Kids are clever. They’re capable of getting this way more than adults, simply because as adults we have a tendency to bury our heads on the sand. We’d rather not know and declare that it’s just ‘far too complicated’. Once you learn how credit card interest REALLY works, it’s almost impossible to see how a credit card ever seemed like a good idea, and this is a GREAT lesson for kids.

They’re going to come up against credit cards as they grow, that’s for sure. But if they can have a total understanding of what they are, what they cost and the right way to use them, you might just save them a whole lot of stress.

This is our credit card interest calculator. Put in your balance, your interest rate and it’ll tell you how much money goes to the bank this month. That’s not a penny off your balance, that’s just to the bank. It’s a total eye opener.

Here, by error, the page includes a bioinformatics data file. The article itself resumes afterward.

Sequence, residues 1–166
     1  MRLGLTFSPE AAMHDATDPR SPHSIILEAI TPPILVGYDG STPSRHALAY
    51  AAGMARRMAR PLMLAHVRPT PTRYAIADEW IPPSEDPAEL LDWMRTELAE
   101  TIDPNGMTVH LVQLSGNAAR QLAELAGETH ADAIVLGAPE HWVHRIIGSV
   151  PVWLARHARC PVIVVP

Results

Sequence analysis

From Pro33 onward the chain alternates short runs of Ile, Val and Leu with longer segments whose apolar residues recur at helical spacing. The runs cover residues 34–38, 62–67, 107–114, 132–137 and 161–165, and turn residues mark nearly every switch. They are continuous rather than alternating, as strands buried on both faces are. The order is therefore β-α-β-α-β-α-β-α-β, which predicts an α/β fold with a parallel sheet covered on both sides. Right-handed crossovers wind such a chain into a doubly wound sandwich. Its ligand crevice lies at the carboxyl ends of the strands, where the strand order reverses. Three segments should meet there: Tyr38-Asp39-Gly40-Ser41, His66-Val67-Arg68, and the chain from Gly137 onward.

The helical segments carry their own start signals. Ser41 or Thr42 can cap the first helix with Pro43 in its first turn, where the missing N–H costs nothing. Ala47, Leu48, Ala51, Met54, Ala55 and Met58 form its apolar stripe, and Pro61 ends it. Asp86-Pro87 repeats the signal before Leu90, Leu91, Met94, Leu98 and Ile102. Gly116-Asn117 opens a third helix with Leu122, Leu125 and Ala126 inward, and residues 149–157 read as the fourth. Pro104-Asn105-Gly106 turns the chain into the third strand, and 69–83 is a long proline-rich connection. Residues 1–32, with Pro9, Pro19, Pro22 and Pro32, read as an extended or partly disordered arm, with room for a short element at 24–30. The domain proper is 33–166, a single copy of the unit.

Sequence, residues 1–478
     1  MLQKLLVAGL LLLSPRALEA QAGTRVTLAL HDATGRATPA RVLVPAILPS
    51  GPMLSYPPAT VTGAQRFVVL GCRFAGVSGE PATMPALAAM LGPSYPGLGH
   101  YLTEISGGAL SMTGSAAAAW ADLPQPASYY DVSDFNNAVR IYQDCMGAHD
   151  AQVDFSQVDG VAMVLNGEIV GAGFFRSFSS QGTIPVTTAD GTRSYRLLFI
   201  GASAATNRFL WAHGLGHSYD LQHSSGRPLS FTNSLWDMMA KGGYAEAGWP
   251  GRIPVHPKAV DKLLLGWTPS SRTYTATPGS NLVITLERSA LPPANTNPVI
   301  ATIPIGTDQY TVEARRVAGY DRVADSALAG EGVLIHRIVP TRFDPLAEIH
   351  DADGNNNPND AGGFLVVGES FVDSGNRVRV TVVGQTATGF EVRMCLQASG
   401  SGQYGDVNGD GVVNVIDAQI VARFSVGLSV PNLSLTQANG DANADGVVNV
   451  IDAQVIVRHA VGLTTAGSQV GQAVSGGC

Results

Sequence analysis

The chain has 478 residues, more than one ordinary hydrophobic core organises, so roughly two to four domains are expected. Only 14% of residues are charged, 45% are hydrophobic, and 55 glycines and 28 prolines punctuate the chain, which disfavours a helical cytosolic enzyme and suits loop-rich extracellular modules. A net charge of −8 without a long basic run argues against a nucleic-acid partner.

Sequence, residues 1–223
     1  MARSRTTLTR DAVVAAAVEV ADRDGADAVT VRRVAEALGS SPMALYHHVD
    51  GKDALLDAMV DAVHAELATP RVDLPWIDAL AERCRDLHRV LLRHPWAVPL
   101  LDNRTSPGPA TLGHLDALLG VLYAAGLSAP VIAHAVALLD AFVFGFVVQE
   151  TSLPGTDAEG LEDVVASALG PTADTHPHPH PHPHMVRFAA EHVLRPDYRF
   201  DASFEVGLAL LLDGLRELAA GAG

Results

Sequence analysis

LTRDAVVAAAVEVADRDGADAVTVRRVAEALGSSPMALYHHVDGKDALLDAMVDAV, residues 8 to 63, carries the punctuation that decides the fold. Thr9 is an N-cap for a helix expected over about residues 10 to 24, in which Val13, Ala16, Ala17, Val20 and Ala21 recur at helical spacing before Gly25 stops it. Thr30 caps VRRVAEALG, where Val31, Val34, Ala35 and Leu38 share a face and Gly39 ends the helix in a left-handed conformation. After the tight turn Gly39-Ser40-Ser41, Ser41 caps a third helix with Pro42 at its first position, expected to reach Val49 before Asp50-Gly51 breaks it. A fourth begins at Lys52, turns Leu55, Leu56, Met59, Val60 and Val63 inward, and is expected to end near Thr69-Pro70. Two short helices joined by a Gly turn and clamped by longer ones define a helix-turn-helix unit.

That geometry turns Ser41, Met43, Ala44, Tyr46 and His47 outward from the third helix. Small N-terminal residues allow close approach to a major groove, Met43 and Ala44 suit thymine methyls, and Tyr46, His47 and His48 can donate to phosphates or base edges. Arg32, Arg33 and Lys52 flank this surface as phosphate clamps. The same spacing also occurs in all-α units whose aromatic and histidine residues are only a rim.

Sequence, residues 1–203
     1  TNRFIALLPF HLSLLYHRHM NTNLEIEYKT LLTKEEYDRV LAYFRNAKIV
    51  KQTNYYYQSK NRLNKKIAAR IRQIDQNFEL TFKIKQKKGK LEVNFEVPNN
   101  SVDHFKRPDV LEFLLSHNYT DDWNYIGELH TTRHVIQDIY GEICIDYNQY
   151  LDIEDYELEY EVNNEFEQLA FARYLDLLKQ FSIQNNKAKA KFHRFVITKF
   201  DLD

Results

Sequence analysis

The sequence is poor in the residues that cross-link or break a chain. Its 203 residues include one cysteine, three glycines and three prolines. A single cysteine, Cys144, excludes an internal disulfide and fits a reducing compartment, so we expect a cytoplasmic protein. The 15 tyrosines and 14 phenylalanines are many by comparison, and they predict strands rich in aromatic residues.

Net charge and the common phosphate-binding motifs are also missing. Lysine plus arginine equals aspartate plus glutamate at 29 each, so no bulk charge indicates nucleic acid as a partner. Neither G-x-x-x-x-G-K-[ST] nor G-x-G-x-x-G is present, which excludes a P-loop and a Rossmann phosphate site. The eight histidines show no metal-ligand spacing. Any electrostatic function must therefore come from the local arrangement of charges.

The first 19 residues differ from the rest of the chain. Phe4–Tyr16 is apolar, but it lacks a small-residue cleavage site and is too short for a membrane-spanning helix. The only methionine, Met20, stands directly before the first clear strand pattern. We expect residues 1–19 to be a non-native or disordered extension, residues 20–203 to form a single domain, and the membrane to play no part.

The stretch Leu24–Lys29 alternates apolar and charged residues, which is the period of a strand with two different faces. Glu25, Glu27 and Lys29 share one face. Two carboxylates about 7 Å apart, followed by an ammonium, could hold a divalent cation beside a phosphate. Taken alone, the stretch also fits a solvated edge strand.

Find out what the interest is on this
months minimum credit card repayment
What is the annual interest rate on your credit card?
What is your current balance?
The amount of interest you will pay this month is …

The importance of an emergency fund

Having an emergency fund cannot be underestimated. As adults, it takes away the need to use a credit card when an emergency comes up. Getting your kids to start saving while they’re younger teaches them that they need to have some kind of a ‘back up plan’ and saving regularly is the best way to go about getting one together!

Starting saving before they really need to have it teaches kids not only about planning for the unexpected, but also gets them into good habits for saving throughout their life.

There are loads of ways to get kids excited about saving. Jam jars are the most basic but engaging way to get little ones saving. Just a few pence added each week lets them see their savings grow. Once they’ve saved up for something, a toy perhaps, they get to count out their money and see if they’ve got enough.